But for more than a generation, evidence has been mounting of the threats posed by foods regulated by the FDA, especially produce. About 10 years ago, the Centers for Disease Control and Prevention released a report showing that outbreaks traced to fresh produce had jumped in absolute numbers and as a proportion of all reported food-borne illness outbreaks between 1973 and 1997. A separate study by the Center for Science in the Public Interest found that seafood and produce were the top two categories linked to outbreaks between 1990 and 2003.
Last year, the CDC reported that fruits and nuts were linked to the most illnesses, followed by vegetables that grow on vines and stalks.
These developments in part reflect the changing eating habits of Americans, who have been consuming more raw vegetables and fruits since the 1970s, explained Robert Tauxe, a deputy director at the CDC. He said that vast changes in the way food is produced, processed and distributed have also played a significant role. Decades ago, most vegetables and fruits were grown and sold locally. Today, crops such as lettuce are grown in only a few places in the country. “So when things go wrong, the effects are widespread,” Tauxe said.
The surge in imports has also increased the chances of contamination in foods regulated by the FDA. About 80 percent of seafood, 50 percent of fresh fruits and 20 percent of fresh vegetables are imported.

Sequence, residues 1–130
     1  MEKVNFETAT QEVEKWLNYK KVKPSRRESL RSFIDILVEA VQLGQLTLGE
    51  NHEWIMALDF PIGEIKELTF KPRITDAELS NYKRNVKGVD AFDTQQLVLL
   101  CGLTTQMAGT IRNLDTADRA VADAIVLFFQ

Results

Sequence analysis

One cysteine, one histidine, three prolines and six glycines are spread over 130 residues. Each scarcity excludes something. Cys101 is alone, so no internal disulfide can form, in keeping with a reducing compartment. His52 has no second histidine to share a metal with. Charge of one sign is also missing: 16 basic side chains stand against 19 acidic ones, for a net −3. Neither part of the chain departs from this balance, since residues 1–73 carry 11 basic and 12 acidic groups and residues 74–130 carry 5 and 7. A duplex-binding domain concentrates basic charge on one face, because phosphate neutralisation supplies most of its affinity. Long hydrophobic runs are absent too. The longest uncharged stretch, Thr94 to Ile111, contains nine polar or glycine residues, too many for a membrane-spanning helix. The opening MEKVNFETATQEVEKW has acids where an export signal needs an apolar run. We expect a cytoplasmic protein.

Despite the mounting threats, the FDA and its contractors inspected only 6 percent of the 421,000 domestic and foreign facilities under its watch in 2010, according to the most recent figures. Inspections account for the full-time work of just 1,000 employees. But if a site is linked to an outbreak of illness, inspectors and FDA scientists descend on it, sometimes staying put for weeks.
Under the food-safety bill enacted last year, food companies must adopt plans to spot and prevent hazards. The law also mandates more frequent inspections. For instance, plants that produce or process high-risk foods, including foods connected to previous outbreaks, must be inspected by 2015 and every three years thereafter.
But the bill does not provide funding for new inspectors. President Obama has requested $863 million for FDA food-safety programs, about the same amount Congress granted in each of the past two years — and significantly less than the $1 billion a year spent by the USDA on food safety. Obama’s proposed budget for the next fiscal year would also impose fees on food companies that would generate $225 million to help the FDA carry out the new law. But Congress has rejected similar proposals in the past, and the industry is already pushing back on the current fee plan.